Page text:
Among the stereotypes associated with modern parenting is the desire for children to stop playing video games and instead play outside. Unfortunately this is not easy to do when children enjoy the video game more than an outdoor activity, which is why some schools are looking to active video games to help students meet physical activity requirements. Now researchers at George Washington University have completed a first-of-its-kind study concerning this approach by examining how well it works with minority students, which are more common at urban public schools.
Some 104 Washington, D.C. public school students in grades 3 to 8 participated in this study, which randomly assigned them to twenty minutes of regular gym class, twenty minutes playing Dance Dance Revolution (DDR), or twenty minutes of Winds of Orbis: An Active Adventure (Orbis). Researchers monitored the students' energy expenditure levels and found the regular gym class came in first, in that regard. However, students in grades 3 to 5 did achieve the criteria for being vigorous active, so active video games may prove useful in school settings for those lower grades, but not higher.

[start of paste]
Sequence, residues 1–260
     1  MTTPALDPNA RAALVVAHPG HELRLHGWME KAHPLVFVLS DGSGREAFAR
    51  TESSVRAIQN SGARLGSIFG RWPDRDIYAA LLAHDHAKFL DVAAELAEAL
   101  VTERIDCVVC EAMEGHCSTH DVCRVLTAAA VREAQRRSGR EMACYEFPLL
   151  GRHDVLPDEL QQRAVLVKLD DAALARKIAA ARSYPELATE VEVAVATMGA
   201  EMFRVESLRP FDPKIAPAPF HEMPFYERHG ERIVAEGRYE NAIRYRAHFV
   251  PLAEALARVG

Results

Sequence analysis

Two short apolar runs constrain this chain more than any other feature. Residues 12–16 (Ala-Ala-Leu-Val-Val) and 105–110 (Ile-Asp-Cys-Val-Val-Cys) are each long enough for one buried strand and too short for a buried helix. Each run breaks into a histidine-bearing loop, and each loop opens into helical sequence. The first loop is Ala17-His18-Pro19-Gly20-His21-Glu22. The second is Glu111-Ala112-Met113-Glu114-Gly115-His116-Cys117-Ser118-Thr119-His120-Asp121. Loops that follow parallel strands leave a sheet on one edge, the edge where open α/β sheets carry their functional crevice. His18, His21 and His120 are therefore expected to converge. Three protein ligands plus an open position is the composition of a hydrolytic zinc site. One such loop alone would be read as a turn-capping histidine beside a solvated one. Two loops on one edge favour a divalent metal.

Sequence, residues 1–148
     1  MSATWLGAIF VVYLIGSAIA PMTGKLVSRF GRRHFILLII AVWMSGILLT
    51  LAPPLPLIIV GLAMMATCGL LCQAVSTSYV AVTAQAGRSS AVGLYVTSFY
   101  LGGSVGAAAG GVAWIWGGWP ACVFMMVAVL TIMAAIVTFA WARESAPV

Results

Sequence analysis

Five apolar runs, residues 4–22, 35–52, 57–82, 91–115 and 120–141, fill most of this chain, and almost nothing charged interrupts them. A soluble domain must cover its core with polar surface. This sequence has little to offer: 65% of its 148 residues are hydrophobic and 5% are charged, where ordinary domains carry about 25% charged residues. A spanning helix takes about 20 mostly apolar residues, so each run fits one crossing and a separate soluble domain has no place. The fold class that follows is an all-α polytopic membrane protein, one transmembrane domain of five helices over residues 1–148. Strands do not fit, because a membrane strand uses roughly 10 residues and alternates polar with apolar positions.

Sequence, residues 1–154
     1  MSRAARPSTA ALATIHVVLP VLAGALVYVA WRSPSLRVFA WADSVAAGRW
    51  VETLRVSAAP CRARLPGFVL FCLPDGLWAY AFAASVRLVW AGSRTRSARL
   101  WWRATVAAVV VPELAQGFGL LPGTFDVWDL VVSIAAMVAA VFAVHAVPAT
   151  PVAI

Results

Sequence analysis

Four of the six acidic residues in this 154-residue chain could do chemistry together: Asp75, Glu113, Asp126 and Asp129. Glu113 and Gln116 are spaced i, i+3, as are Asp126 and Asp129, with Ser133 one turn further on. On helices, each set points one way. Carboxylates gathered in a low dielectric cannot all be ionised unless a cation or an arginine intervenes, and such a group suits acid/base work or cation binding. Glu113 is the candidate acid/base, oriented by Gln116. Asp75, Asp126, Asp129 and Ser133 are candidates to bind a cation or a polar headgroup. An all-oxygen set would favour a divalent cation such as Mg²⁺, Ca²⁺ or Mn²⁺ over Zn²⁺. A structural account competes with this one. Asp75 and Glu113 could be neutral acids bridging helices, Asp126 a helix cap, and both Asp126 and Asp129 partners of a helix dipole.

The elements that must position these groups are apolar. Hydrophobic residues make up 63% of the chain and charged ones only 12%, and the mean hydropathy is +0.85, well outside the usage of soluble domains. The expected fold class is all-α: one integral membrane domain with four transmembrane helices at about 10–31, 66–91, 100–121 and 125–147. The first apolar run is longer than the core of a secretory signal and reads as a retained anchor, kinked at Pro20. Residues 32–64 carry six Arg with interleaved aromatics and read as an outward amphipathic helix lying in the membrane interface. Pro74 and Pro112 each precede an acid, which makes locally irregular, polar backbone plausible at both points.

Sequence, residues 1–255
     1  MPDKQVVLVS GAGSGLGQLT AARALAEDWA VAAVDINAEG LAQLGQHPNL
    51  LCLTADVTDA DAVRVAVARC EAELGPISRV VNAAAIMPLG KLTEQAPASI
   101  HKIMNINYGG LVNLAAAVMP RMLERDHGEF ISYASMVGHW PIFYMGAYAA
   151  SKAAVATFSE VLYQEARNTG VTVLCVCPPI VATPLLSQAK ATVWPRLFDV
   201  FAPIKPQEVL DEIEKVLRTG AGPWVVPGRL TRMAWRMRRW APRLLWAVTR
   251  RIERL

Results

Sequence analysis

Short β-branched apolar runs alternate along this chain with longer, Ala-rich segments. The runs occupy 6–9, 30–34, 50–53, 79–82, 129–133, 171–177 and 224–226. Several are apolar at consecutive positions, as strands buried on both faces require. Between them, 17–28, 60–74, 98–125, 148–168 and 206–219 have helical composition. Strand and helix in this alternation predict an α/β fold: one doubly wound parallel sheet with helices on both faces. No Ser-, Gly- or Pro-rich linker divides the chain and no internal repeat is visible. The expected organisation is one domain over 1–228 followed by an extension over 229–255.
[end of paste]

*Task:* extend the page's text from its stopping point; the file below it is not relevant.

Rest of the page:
The study lined up with previous research that show as children grow older their physical activity drops, and the active games did not help counter that. Although the researchers did discover that Orbis was more successful at expending energy than DDR. The researchers believe this may be related to its play-style, which allows players to set the pace, instead of having to match a song like in DDR.